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KPPM’s backers in from the cold

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Self-exiled dissident and Khmer People Power Movement leader Sourn Serey Ratha was recently given a royal pardon, paving the way for his political party to be officially registered. Photo supplied

KPPM’s backers in from the cold

As a “terrorist” group this week took its final step towards being accepted into the political mainstream, its hodgepodge of prospective members – from longtime supporters to disengaged opposition politicians – embraced their emergence from the shadows.

Twenty-one-year-old Khmer Krom monk Thach Ny has been a supporter of the US-based Khmer People Power Movement (KPPM) and its self-exiled Cambodian leader Sourn Serey Ratha for years.

“Whatever he posted on Facebook or on his website, I watched and read carefully to follow the movement,” he said.

In his posts “he described how he fled the country and the government who accused him of being a traitor … I respected his efforts to advocate for the nation from overseas.”

Ny, however, has long been forced to keep his admiration for the KPPM – publicly branded by Prime Minister Hun Sen as a terrorist organisation – a closely guarded secret.

“I knew they were not legal, so I didn’t tell anyone,” he explained.

But now everything has changed, as the government looks set to bring the “terrorists” into the fold.

Just days ago, Serey Ratha received a royal pardon excusing him of widely decried convictions in absentia – including treason and obstructing electoral procedures – clearing the way for the group’s political offshoot, the Khmer Power Party (KPP), to officially register.

The final registration paperwork was filed on Tuesday.

Ny, who formerly supported the opposition Cambodia National Rescue Party, said he can now openly switch his political allegiance to the KPP.

“I was just a normal supporter, but when I saw [CNRP president] Sam Rainsy has no strong political will, I stopped caring about this party,” he said.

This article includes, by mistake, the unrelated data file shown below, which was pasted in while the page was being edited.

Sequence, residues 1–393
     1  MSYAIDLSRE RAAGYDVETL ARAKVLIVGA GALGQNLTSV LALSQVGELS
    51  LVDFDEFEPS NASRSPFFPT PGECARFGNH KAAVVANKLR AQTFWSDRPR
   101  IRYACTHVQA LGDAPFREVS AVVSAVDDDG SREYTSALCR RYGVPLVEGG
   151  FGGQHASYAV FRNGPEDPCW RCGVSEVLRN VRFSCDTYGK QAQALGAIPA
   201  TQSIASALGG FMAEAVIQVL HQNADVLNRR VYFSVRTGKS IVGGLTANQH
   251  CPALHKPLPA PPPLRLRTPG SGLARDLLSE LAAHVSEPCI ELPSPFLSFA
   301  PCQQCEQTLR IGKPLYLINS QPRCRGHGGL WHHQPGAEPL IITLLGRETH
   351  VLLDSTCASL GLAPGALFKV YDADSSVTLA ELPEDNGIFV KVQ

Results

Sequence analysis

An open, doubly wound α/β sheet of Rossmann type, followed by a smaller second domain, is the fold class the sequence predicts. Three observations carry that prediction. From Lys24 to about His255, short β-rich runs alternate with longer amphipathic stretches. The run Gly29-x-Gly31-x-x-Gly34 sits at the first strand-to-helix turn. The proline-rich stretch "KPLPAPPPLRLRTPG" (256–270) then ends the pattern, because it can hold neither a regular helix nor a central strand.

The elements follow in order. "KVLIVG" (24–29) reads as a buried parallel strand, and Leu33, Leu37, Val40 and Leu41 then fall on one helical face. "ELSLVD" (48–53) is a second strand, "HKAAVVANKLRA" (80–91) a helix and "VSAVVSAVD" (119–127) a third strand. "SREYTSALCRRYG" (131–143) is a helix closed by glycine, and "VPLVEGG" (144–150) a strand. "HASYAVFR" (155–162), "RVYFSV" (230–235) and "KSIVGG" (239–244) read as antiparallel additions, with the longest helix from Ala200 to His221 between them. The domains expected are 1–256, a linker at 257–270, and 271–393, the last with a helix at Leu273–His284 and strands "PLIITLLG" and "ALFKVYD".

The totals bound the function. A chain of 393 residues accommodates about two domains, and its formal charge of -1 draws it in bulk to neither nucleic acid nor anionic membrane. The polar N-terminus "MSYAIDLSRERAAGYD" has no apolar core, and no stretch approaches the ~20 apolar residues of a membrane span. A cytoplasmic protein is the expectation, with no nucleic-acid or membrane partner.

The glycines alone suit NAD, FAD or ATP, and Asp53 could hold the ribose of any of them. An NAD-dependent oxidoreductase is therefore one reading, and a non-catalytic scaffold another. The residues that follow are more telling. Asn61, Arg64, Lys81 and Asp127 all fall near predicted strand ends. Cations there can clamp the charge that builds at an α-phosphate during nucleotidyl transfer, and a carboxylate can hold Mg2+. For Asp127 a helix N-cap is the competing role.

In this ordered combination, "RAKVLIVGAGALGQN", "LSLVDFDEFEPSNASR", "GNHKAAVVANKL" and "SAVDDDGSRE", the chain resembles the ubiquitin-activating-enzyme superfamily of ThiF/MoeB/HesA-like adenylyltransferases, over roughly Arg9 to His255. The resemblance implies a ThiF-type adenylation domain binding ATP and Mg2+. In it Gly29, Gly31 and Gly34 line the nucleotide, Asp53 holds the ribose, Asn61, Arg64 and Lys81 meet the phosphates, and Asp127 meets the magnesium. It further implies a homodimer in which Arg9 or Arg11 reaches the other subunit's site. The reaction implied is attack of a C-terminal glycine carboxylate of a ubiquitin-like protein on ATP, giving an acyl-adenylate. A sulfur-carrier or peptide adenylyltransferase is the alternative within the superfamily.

And as tensions with Vietnam rise, Ny said he was proud to support a party that stands firmly against “communist rule”.

Like Ny, many KPP supporters the Post spoke to this week said they had formerly backed the CNRP.

Some cited disappointment over the opposition’s “culture of dialogue” with the ruling party and alleged splits within the CNRP as reasons for their disengagement.

Observers have long speculated that this was the ruling party’s intention.

Lorn Sorn, a former CNRP councillor in Takeo province’s Tram Kak district, resigned from the party in January in favour of Serey Ratha’s bid to form a party.

“You can see at the national level, the party leaders say they are one, but the facts show at a local level that there is nepotism and corruption.

“I can’t struggle anymore with that party,” he said, referring to the CNRP.

Sorn, who now heads a working group for the KPP, claimed that thousands of people in his district had expressed their support for the proposed party, whose pledges include awarding land to the landless, and ridding the voter list of Vietnamese.

Former journalist Ros Sokhet, who claims to have worked as a “media consultant” for the CNRP, said he too had made the switch.

“I stopped supporting the CNRP because Sam Rainsy and Kem Sokha are not brave leaders to oppose the government,” he said.

“We can’t be under the armpits of Prime Minister Hun Sen like Sam Rainsy is nowadays.”

Sokhet said he used to communicate secretly with Serey Ratha, and would buy new SIM cards for calls to other KPPM supporters out of “safety concerns”.

But now he is relieved to be able to publicly throw his backing behind the KPP.

CNRP spokesman Yim Sovann said his party was “not concerned” about losing support.

“I think that the people understand. The CPP called them a traitor, then the CPP wants them to have a political party to try and split the CNRP – it’s a trick,” he said.

“People have the best judgment to elect leaders who are competent to lead the country, and trust only the CNRP.”

But political analyst Ou Virak said it was likely the KPP would “resonate with some CNRP supporters” in search of more “radical” politics.

“With the culture of dialogue, some people are starting to question the CNRP . . . This could pressure the CNRP into being more radical too.”

And it’s not only the CNRP that could stand to lose votes.

The KPP’s representative in Takeo province, 50-year-old Khim Bun Chhom, said he had switched allegiances from Funcinpec.

“I’m not interested in joining Funcinpec anymore, because we always lost. I was fed up with being a member of a party like that,” he explained.

According to Serey Ratha, the KPP has obtained “50 defectors” from other parties who were district and city council members, and former parliamentary candidates in the 2013 election.

He added that there are plans for a number of parties that competed in the election to merge with the KPP.

Dismissing claims that the registration of the group was a tactical decision, CPP spokesman Sok Eysan said his party welcomed the competition.

Leaders of the CPP “have said so far that if a competitor is strong, it will make things more meaningful, like if we join a kick-boxing match with strong people”.

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